Can jaundice (high bilirubin levels) and kernicterus disease cause brain damage and cerebral palsy?

A: About half of babies have some jaundice shortly after birth, which is caused by an excess of bilirubin in the blood. Jaundice can cause brain damage when bilirubin levels get too high and the bilirubin enters the baby’s brain tissue. High bilirubin levels can cause serious forms of brain damage such as kernicterus disease, cerebral palsy, and encephalopathy. The baby may also have seizures, intellectual disabilities, developmental delays, and hearing and sight problems.

The yellow-orange skin tone characteristic of jaundice is caused by excessive bilirubin in the blood. In babies, jaundice usually disappears around 1 – 2 weeks after birth. Bilirubin is the end product of red blood cell breakdown. Everybody experiences red blood cell breakdown, but in newborns, the breakdown is at a higher rate. This is because babies have more red blood cells than adults, which is part of the transition from being in the womb. Fetal red blood cells have a short life span, which leads to a lot of cell breakdown and excess bilirubin in the blood. Furthermore, babies have a slower time removing bilirubin from their bodies. In the womb, the placenta removes the bilirubin, but after birth, the baby’s liver begins removing the bilirubin and this can sometimes take a while. Some newborns’ livers are slower to develop than others.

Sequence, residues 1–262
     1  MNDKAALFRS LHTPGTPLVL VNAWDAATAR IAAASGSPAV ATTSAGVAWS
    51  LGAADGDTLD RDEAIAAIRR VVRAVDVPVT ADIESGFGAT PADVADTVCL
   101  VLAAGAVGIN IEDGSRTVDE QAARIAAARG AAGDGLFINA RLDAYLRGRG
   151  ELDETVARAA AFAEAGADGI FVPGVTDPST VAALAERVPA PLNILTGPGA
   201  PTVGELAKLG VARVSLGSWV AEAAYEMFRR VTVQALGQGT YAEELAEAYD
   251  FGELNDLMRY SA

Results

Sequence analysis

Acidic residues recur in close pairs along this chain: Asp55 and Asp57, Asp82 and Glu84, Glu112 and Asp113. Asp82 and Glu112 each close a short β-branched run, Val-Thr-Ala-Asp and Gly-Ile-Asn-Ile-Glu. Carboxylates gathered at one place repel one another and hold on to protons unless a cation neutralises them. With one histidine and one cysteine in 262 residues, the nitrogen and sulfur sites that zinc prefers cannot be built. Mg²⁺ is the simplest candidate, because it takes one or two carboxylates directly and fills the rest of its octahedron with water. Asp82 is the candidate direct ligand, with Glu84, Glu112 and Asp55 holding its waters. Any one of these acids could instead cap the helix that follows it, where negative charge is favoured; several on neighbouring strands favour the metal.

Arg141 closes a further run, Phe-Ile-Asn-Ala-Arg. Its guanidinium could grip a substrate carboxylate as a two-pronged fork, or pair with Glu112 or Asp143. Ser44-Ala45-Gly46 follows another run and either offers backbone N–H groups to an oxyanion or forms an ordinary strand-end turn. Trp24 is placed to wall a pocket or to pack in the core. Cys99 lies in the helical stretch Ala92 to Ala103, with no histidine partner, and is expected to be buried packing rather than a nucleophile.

Indeed, some babies have characteristics that cause their bodies to have excessive amounts of bilirubin in their blood, called hyperbilirubinemia. This should not be a problem, however, because testing for and treating high bilirubin levels is very easy. When a baby has hyperbilirubinemia, she can be placed under special lights to reduce her bilirubin levels. This is called phototherapy. A fiberoptic blanket is an alternative to phototherapy. In more serious cases, a baby may need a blood exchange transfusion, which is when her blood is slowly removed and replaced with donor blood.